Fr John conducts his first (and only) General Absolution service
My attention was drawn, a couple of days ago, to a post on Fr Z's blog - from an Irish person who was enduring the disobedience of their parish priest. Here's the piece, but in summary, their parish priest is refusing to implement the new translation of the Missal and is now using what is an abrogated text. This PP is also revving up to impart General Absolution on all and sundry in preparation for Christmas.
As always, Fr Z gives good advice, I would also like to direct you to FrB's blog for another good response.
I was talking about the situation with a priest friend of mine and we both agreed that such actions on the part of a priest are utterly selfish and disrespectful towards their parishioners. As members of the Universal Church, of the Body of Christ, these parishioners have the right to participate in the full life of the Church, and that includes the full liturgical life of the Church. Their pastors have no right to break the Communion which exists, and in refusing to use the official liturgical texts of the Universal Church, these priests are undermining that Communion.
The fact that some parishioners may be as rebellious and disobedient as their pastors is no excuse: pastors must seek to deepen Communion, not encourage a breach. In reality these priests are engaged in something more serious than refusing to acknowledge a new translation of the liturgy, they are breaking the solemn oaths of their ordination and leading people into schism. Is that too harsh? Well, if you see the fruits of the actions of these disobedient priests, the ghettos of rebellion and anger their parishes have become, we see how serious such situations can become.
My priest friend was wondering what these priests are now engaged in? Given that they refuse to use the now official English language texts of the Mass, but use an abrogated translation, is it the case that their Masses are now valid but illicit?
As for the General Absolution: FrB has very good points to make, but one in particular stands out: regular General Absolution is invalid. And of course people go home, never to darken the doors of a confessional again, genuinely believing that the General Absolution Father dished out was valid, that their sins are forgiven, and they didn't even have to think of what their sins were. But General Absolution is being given in Ireland, particular in quasi-penitenial services. It seems this is an issue the new Nuncio will have to deal with, and perhaps a senior cleric may need to be called to Rome again to be reminded again that the problem must be dealt with.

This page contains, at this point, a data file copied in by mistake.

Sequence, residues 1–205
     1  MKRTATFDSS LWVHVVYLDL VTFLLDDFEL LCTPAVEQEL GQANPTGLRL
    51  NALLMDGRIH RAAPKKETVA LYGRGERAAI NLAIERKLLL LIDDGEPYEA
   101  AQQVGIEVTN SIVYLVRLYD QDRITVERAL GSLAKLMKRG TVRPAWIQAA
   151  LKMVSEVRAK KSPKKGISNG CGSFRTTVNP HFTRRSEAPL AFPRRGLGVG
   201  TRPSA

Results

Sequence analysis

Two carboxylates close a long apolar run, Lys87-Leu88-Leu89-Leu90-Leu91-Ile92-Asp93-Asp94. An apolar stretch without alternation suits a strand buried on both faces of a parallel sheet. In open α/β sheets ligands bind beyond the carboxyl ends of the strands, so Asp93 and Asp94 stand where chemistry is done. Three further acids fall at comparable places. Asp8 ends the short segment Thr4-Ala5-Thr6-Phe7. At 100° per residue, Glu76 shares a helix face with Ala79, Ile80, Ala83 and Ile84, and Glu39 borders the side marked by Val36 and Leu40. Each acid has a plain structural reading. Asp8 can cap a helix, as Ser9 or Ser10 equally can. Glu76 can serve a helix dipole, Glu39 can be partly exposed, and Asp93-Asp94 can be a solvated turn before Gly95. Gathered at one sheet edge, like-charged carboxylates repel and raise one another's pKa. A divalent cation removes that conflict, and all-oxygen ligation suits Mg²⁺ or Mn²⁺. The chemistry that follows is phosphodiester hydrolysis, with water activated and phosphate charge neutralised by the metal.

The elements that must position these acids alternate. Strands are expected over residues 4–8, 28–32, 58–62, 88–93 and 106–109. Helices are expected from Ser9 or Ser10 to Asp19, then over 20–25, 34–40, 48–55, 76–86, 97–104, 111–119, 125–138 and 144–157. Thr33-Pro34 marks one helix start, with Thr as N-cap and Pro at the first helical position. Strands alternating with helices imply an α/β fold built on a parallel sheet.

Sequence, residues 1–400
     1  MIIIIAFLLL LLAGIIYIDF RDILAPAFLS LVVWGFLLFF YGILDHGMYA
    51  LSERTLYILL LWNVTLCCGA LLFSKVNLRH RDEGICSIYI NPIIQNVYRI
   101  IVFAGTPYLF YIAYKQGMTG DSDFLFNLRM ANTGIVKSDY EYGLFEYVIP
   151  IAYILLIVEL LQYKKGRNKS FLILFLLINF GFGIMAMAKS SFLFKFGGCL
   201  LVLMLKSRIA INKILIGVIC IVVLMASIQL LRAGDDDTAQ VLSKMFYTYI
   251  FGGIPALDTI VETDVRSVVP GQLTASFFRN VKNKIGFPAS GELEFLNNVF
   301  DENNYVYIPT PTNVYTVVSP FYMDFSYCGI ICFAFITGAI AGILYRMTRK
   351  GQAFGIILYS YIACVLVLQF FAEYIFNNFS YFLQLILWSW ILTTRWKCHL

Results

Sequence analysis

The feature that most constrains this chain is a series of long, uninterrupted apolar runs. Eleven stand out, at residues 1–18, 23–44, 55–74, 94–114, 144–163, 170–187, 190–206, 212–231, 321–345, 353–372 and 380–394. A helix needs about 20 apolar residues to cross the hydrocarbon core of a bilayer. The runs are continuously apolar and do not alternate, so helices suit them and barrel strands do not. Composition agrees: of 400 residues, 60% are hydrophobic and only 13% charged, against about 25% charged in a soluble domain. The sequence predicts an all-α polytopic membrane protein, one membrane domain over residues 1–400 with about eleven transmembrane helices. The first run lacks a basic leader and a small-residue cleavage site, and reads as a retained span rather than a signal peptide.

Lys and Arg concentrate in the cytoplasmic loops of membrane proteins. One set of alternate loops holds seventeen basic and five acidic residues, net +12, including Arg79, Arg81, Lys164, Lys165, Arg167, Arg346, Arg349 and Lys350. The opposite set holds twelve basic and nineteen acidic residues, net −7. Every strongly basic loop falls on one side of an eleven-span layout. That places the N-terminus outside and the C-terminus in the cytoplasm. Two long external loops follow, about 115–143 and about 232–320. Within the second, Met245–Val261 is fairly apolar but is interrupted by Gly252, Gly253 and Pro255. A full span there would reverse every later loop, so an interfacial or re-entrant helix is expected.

I remember I was asked a few months ago if I would give General Absolution. I was encouraging my parishioners to go to confession regularly, and someone said to me that it would better that I gave General Absolution because people do not like individual confession anymore - they don't like revealing such intimate details about their lives. At least if I gave General Absolution then people's sins would be forgiven and, after all, isn't that the most important thing?
I explained that the forgiveness of sins, and all the sacraments, were not magic; that the actual confession of their sins was important. I then told the person that if they wanted me to give them General Absolution, I would have to lock them all in the Church and set it alight so, in danger of being burned to death, the General Absolution would then be valid. However, I said, if anyone happened to survive, they would still be obliged to confess their mortal sins as soon as possible. I do not think I will be asked for General Absolution again!
Interestingly, today in the Diocese of Meath we celebrate the feast of our Patron Saint, St Finnian of Clonard. Known as the "Tutor of the Saints of Ireland", he founded the monastery and school city of Clonard, famous throughout Ireland and Europe as a place of learning and holiness. Many Irish Saints studied at Clonard and were formed in holiness by St Finnian, among then St Colmcille (Columba), patron of Ireland, and St Brendan. According to tradition he was ordained Bishop of Clonard, one of the ancient dioceses which now form the present Diocese of Meath.
Finnian was a faithful Irish priest, not content with getting by, or doing the minimum, but seeking to live as virtuous a life as possible, and to teach others to do the same. In being called the "Tutor of the Saints of Ireland", it was not a honour to praise his academic skills, but more radically, his holiness which was pedalogical and evangelical in nature. In this, Finnian is a potent example of all priests; that we must be teachers in holiness, not merely in words, but first of all by example. We must also be faithful to Mother Church, as was Finnian. I think St Finnian would be a good patron of the reform the Church in Ireland now needs: after all, the best reformers are teachers in holiness.